You have to imagine this is what backers of the 2014 Avalon Theatre rehab project had in mind.

A schedule of top-line talent, sold out shows, and a bright future.

But while the 2014 Cornerstone Project was pushed across the line despite a rocky economic landscape, current conditions — and a fresh set of $50,000 donations looking for matches — have fundraisers seeing an opportunity to claw back some of the amenities left out of the original Cornerstone plan.

"The things that were left out, that we compromised on, were very performer-based and also staff-based," said Bryan Wade, Avalon Theatre Foundation development director. "And that's where we feel like we really have an opportunity to expand the theater again, and really make some strides in getting some of those more A-list type talents on stage.

"I think that's one of the things they look at when looking to come to town," Wade said, of top-level talent.

There are three packages of improvements that Wade thinks could get funded with a new, more aggressive funding campaign aimed at donors.

The most visible possible improvements are part of a plan for a flashy new wraparound digital marquee, which along with new digital poster cases and concession signage would "make the theater look complete," Wade says.

Fundraisers are also targeting patron improvements, most notably a canopy for the sun-soaked but spectacular rooftop terrace and shading for the glass-walled mezzanine — improvements critical to maximizing both amenities and drawing in new business.

The third set of proposed improvements are behind the scenes, but just as important, Wade argues — portable spotlights, lighting controls, and an internal operations communications system. Still further upgrades include adding a catering kitchen, more storage, and performer dressing rooms and bathrooms, Wade said.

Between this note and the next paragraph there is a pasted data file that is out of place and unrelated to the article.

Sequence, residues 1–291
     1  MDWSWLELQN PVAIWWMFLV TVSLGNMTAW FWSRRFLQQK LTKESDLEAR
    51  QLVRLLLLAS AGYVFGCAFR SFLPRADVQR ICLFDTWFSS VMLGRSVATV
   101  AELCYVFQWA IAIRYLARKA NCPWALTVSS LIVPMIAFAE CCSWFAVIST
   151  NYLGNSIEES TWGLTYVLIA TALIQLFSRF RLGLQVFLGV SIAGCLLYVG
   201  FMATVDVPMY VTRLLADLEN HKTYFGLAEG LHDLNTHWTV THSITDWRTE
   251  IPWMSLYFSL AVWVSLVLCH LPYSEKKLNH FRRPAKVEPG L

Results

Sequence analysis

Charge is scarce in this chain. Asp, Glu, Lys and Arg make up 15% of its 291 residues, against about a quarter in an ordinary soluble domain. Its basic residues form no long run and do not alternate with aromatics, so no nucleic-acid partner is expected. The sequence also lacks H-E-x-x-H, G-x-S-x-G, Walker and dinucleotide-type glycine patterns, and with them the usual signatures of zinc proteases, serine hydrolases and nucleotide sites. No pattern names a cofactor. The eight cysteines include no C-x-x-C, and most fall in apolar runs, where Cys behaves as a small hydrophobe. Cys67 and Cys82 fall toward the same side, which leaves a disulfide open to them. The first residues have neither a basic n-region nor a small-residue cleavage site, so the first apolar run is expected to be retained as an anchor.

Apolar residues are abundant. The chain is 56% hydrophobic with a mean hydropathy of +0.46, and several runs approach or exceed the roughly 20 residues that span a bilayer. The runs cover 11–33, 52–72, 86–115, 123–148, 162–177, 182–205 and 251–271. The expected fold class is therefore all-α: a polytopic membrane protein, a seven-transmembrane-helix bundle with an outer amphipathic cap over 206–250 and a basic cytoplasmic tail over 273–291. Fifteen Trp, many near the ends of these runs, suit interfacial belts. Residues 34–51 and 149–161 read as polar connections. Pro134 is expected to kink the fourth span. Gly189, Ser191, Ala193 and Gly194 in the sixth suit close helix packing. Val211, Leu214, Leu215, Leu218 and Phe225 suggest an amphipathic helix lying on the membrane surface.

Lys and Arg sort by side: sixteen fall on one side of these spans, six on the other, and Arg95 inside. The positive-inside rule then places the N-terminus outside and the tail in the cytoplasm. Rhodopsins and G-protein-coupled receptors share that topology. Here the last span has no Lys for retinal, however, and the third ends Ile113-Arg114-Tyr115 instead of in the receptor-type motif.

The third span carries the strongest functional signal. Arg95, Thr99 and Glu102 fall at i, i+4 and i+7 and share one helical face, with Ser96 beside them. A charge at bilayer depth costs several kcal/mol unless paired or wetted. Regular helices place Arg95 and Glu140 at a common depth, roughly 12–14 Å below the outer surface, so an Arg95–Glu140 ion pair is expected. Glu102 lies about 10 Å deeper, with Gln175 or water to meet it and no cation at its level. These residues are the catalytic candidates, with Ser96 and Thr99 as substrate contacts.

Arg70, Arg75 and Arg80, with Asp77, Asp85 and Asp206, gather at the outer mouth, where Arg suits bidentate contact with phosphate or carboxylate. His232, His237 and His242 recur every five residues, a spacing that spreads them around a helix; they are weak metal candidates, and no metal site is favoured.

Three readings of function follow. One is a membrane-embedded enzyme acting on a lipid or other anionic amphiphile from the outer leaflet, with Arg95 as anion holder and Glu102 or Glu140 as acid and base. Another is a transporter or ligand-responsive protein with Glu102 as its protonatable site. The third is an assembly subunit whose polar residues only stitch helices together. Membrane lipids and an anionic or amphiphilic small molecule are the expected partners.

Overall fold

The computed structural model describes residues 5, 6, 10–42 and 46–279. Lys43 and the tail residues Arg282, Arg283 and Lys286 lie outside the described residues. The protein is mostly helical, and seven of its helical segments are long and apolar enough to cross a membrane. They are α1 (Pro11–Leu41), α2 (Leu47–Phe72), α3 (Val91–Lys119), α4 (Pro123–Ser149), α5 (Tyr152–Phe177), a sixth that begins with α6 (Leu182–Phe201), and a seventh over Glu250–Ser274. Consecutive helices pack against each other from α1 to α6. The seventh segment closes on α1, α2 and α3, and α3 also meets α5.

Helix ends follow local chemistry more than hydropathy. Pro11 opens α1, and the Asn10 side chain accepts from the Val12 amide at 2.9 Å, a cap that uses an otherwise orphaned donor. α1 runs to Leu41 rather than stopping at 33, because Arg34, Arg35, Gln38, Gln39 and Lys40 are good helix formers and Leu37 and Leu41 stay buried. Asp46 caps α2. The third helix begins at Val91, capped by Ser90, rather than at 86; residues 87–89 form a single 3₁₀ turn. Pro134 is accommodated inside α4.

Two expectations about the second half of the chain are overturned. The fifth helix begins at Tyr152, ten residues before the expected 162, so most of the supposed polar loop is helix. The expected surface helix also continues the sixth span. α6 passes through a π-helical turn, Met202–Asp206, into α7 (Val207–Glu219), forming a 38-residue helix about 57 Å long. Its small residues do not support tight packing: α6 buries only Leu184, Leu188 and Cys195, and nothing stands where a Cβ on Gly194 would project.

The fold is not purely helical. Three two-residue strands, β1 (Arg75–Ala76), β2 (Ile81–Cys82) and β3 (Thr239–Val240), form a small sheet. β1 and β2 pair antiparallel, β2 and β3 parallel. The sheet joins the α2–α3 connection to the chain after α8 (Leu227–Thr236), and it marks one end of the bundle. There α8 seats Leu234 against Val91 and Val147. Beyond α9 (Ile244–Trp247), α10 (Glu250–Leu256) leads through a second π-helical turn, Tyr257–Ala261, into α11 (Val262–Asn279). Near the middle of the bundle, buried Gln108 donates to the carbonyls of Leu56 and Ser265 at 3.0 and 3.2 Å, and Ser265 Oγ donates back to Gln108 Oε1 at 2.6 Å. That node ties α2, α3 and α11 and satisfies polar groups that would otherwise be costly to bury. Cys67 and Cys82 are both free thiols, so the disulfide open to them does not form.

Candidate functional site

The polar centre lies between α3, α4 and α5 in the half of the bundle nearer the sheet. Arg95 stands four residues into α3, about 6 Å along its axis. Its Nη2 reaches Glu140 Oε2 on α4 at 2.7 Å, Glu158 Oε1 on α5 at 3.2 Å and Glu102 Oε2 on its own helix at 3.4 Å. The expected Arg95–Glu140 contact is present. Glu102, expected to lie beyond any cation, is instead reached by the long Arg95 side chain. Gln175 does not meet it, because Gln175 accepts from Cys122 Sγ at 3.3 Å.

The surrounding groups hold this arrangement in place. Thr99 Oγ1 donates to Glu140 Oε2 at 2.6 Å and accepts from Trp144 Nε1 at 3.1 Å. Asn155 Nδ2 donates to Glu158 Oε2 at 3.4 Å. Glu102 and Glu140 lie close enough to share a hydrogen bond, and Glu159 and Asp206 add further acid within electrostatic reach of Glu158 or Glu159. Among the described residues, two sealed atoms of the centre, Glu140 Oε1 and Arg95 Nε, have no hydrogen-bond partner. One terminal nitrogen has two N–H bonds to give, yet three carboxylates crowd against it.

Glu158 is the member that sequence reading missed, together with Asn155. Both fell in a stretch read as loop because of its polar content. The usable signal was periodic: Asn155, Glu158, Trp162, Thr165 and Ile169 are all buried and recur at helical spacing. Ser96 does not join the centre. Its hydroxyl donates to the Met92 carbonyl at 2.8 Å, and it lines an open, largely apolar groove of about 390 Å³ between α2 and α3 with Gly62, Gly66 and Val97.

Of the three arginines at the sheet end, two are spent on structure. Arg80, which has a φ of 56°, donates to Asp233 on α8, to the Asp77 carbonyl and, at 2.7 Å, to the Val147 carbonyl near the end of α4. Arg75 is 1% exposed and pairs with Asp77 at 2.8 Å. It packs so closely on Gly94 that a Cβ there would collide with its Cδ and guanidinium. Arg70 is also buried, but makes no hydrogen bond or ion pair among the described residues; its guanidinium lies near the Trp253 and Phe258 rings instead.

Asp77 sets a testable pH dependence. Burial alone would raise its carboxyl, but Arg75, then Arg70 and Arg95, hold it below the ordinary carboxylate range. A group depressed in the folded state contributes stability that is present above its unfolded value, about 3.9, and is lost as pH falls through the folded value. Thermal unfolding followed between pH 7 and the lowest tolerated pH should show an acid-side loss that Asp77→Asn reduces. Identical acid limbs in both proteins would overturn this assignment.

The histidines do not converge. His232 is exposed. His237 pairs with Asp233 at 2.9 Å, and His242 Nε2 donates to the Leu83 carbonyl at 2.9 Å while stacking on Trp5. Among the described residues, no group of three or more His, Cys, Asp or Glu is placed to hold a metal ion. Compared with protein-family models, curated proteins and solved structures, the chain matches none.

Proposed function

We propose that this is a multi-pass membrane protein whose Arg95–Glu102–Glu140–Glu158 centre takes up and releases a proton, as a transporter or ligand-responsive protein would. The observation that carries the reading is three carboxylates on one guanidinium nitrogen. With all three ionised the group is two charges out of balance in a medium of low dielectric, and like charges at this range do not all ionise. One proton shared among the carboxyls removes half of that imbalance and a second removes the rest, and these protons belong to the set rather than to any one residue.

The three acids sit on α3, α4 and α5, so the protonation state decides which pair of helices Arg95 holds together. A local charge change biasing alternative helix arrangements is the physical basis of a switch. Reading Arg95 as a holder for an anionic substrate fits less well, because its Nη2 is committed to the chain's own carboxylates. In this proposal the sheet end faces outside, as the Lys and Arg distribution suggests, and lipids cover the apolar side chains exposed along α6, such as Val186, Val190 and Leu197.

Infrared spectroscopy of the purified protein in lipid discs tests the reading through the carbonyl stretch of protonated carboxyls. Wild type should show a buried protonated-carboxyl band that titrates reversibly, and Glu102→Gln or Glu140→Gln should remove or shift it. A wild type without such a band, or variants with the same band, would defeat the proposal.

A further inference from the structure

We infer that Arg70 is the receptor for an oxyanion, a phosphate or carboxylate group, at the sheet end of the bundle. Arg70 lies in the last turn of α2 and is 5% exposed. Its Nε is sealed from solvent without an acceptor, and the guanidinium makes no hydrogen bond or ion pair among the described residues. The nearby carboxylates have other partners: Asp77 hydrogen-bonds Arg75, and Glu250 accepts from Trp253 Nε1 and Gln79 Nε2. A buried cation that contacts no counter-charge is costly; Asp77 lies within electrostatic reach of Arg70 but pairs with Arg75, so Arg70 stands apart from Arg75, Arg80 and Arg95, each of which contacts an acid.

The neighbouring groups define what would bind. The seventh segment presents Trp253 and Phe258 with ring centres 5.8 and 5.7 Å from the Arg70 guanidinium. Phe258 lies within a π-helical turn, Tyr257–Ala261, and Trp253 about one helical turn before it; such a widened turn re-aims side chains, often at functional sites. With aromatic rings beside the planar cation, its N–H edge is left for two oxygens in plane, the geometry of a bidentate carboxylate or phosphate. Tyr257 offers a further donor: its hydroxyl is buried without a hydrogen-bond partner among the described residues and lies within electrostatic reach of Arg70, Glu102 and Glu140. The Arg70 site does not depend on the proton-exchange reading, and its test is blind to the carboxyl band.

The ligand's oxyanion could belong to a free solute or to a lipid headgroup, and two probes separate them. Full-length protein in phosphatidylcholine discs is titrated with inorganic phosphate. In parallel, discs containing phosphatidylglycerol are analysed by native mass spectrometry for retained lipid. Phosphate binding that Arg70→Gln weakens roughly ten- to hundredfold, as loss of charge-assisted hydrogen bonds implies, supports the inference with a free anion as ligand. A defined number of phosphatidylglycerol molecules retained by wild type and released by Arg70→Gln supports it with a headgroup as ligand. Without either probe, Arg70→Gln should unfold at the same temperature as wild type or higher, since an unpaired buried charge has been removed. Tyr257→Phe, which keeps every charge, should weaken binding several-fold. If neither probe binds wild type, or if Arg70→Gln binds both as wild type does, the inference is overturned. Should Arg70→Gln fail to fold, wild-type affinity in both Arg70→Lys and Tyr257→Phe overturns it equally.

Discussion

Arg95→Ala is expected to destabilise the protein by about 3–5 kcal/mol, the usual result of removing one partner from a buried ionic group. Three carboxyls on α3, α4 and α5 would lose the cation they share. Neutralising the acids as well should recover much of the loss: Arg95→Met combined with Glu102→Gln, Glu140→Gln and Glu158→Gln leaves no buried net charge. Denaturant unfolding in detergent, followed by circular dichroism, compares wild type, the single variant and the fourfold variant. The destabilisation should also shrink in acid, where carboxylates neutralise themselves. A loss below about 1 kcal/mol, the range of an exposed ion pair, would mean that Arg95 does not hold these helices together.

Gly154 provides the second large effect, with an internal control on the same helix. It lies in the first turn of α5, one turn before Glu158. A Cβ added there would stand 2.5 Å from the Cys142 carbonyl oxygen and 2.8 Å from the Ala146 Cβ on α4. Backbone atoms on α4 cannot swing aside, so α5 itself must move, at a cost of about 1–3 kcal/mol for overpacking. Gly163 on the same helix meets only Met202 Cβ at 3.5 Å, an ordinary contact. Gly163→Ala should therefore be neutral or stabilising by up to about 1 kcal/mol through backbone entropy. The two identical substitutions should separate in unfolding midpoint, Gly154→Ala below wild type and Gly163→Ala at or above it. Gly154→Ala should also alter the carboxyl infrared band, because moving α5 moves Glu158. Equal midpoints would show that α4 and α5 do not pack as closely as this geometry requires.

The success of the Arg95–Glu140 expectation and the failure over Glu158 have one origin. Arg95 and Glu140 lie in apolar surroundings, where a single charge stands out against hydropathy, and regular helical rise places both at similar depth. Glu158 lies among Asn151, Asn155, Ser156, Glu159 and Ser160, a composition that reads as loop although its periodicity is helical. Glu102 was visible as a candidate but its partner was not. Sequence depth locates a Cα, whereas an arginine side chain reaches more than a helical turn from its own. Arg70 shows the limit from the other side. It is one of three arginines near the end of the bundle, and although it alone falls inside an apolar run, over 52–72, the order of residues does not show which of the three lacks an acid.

The renewed energy to potentially tackle the projects is in part because of improved economic conditions, but also because of donation matches that are now on the table. The city — which owns the theater — has committed to match $50,000 for each of the next three years, and an anonymous donor has similarly pledged $50,000 if it can be matched.

Even after the essential upgrades in 2014 — which replaced cigarette-burned seats falling apart because of rot in the metal, fixed holes in the ceiling, eliminated the sometimes extreme temperature difference between floor level and the balcony, and sturdied bouncy 80-year-old wood in the upper reaches, among other changes — money has been raised to keep improving the Avalon.

Improvements in 2017 essentially finished off the Encore Hall, with new screen and projecting technology, basic networking, acoustic tiles, and a new advanced sound system.

A key change also came with the decision in 2017 to bring in a third party, Pinnacle Venue Services, to manage operations of the theater as well as Two Rivers Convention Center. Pinnacle's extended resources, Wade said, have allowed the theater to book top acts, like comedian Dave Chappelle who sold the place out last week.

In fact the theater had more sellout shows in 2018 than ever before, with 14 shows sold out including a two-show sellout for comedian Ron White.

In 2016, the theater logged 16 large ticketed events. Last year there were 39.

"This year, I think, is on track to be even a larger year, as far as those large ticketed events," Wade said.

A quick glance of the theater's remaining 2019 schedule flashes artist names like LeAnn Rimes, UB40, Lance Burton, Herb Alpert, Lyle Lovett, Bill Engvall, Michael Franti, and Three Dog Night.

"We have the potential to get this project pipeline done pretty soon," Wade said, with specific reference to the anonymous donor's recent pledge.

"It's there and it's waiting. We just need to unlock it."

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